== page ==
Sat, Nov 01, 2003 - Page 19 News List

[ Brief ]


■ Soccer

Barthez set to stay

FIFA on Thursday turned down a request for the out-of-favor Manchester United goalie to move quickly on loan to Marseille, where he aimed to clock up valuable between-the-posts time before Euro 2004. "FIFA won't comply with the request by Marseille," FIFA spokesman Andreas Herren said. FIFA's player status committee, meeting in Zurich, Switzerland, took the decision "on the basis of the international transfer regulations," Herren said in a telephone interview. FIFA rules do not allow players to move clubs outside certain times of the year. Marseille had hoped that FIFA would waive the rules for Barthez, a member of France's 1998 World Cup-winning team who has been stuck on the Red Devils' bench since May.

■ Soccer

UEFA fines Turkey, England

The Turkish Football Association was fined 30,000 Swiss francs (US$22,555) by UEFA on Thursday for the lack of order in the stadium during the Turkey vs England European championship qualifier earlier this month. Witnesses reported that about 50 players and officials from both teams scuffled after Turkish defender Alpay Ozalan jabbed a finger in England captain David Beckham's face at halftime of the Oct. 11 match. UEFA also fined the English FA 10,000 Swiss francs (US$7,520) for the improper conduct of some of its players in the tunnel. The Turkish FA was sanctioned for its part in the throwing of missiles as well as for the improper conduct of some of its players and one security staff member. No charges were brought against individual players.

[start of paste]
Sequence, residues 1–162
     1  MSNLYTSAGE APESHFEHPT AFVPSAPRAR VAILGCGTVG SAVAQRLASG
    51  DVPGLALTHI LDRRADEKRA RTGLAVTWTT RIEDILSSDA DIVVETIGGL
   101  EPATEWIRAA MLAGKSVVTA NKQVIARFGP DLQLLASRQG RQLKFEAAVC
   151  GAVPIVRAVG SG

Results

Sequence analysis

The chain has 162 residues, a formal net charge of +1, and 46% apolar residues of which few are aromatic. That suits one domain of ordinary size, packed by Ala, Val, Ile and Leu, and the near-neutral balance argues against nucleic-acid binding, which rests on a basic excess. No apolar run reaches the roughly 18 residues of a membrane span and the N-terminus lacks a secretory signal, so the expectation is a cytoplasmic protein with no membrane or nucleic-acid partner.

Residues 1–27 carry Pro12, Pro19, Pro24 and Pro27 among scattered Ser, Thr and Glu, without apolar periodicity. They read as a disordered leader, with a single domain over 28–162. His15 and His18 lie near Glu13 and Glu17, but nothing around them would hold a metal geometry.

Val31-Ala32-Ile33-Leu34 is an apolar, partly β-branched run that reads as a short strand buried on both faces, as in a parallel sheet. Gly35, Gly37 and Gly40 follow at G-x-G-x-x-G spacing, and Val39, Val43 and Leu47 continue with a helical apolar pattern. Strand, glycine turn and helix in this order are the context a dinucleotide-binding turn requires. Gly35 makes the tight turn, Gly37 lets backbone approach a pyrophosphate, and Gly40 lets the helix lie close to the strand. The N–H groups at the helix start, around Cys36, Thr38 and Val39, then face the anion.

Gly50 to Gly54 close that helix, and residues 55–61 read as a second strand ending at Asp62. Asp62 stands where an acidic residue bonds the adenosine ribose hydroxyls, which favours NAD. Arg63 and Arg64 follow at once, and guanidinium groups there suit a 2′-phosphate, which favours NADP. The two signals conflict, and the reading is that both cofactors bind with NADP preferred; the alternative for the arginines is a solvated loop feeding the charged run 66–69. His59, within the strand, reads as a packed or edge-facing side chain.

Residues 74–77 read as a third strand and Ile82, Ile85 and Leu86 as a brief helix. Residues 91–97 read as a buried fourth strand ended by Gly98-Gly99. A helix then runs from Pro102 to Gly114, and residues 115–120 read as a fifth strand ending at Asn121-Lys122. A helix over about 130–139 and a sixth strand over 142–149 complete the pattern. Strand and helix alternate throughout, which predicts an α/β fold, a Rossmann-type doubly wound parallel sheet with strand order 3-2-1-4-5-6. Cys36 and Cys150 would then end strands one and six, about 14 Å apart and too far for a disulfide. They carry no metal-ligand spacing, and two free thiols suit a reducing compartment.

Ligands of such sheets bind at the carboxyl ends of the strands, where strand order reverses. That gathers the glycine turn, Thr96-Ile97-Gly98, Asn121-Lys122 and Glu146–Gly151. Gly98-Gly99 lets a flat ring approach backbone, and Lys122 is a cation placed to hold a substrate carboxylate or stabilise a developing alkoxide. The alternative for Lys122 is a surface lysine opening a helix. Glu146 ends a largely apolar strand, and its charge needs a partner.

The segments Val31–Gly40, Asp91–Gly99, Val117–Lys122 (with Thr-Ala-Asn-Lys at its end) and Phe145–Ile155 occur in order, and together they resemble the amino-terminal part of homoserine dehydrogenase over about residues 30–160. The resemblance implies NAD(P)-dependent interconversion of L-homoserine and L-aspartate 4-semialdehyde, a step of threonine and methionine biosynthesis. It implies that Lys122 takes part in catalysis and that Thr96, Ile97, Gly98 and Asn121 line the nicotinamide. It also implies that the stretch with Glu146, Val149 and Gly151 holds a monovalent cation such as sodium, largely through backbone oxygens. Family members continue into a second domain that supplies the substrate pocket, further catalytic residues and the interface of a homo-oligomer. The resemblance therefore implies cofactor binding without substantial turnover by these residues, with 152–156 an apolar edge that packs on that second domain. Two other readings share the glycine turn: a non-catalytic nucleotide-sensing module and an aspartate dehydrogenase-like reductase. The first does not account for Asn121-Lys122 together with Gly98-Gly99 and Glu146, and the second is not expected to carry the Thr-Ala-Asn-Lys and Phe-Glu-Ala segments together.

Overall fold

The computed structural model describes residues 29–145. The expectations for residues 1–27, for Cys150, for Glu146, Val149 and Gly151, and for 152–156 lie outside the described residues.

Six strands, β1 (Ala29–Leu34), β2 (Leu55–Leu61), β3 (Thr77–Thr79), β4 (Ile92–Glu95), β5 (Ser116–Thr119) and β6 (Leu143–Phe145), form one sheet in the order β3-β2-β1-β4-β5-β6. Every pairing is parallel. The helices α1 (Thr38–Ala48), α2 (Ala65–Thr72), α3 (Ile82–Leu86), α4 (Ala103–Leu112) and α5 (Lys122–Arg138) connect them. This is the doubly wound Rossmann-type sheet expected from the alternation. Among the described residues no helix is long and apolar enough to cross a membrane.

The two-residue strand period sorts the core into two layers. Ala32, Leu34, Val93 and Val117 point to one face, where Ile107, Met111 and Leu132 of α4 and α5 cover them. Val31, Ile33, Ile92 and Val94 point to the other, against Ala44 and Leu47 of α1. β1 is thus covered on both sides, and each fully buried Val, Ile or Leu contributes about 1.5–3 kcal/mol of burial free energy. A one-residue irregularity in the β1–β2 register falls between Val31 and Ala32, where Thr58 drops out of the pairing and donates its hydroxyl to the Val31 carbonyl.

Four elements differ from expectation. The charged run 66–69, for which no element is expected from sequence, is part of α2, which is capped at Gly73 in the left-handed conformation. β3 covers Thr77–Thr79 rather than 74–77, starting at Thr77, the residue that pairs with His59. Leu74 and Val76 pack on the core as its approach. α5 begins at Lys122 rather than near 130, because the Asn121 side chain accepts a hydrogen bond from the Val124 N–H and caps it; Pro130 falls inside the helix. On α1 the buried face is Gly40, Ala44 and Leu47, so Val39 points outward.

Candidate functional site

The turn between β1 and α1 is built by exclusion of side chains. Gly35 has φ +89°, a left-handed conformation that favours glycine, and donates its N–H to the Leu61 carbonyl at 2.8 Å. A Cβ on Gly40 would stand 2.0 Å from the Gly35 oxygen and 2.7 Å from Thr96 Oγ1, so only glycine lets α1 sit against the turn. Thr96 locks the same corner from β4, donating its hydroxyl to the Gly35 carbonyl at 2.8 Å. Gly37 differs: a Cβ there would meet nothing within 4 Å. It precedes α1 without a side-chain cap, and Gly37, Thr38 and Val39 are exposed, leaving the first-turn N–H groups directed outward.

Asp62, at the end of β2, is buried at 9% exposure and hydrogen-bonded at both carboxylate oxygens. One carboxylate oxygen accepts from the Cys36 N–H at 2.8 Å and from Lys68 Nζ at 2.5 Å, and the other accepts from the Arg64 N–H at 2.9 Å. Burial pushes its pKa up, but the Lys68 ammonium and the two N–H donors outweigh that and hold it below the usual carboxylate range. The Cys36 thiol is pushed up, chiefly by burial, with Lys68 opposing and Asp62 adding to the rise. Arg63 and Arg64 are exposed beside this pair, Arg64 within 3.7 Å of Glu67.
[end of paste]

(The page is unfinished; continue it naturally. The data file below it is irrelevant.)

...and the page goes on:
■ Soccer

Arsenal players get fined

Arsenal defenders Lauren and Martin Keown were given multiple-match suspensions and handed heavy fines by the English Football Association on Thursday for their violent behavior at the end of a 0-0 draw with Manchester United. Captain Patrick Vieira and Ray Parlour were also fined and banned for one match each. Arsenal was also fined ?175,000 (US$297,500) for failing to ensure the proper behavior of its players at the end of the Sept. 21 game at Old Trafford. The club was reprimanded and warned to its future conduct. Arsenal said in a statement it was currently considering its position. "Arsenal requires its players to behave properly at all times, both on and off the field," the statement said. "The club accepts that what occurred during and immediately after the match ... fell well below the required standard. The club accepts responsibility for the behavior of its players."

■ Athletics

Hot weather sparks fears

With the temperature predicted to reach 22?C tomorrow for the New York City Marathon, the American Medical Athletic Association has warned runners against over hydrating. Overhydration, also known as hyponatremia, occurs when fluid intake exceeds fluid loss during exercise, throwing off the balance between the body's water and sodium levels. When the blood has too much water and too little sodium, the brain swells and pushes against the skill. "Runners often drink as much fluid as possible to avoid dehydration and to stay cool," said Dr. Arthur Siegel, a member of the AMAA. "But excessive intake of water and sports drinks can lead to nausea, vomiting and in the most severe instances, seizures, coma and even death."

■ Woodward gets generous

England coach Clive Woodward suggested yesterday that the team's 10,000 (US$16,000) fine for putting a 16th player on the field should go to help Samoan rugby. England was fined for ignoring orders from a match official and putting an extra player on the field during its 35-22 victory over Samoa on Sunday. The team sent winger Dan Luger on for the injured Mike Tindall even though the center was still on the field receiving treatment. Woodward said that the cash-strapped Samoans deserved the money because of the way they behaved after the blunder by not pushing for England to be punished and ruining what has so far been the best game of the World Cup. "They were outstanding before we played them, and my respect for them, especially their coaches John Boe and Michael Jones, is immense. Their line is that they didn't want anything to tarnish what was a great game of rugby. They were clearly being put under a fair amount of pressure to say something, and they wouldn't have anything to do with it.

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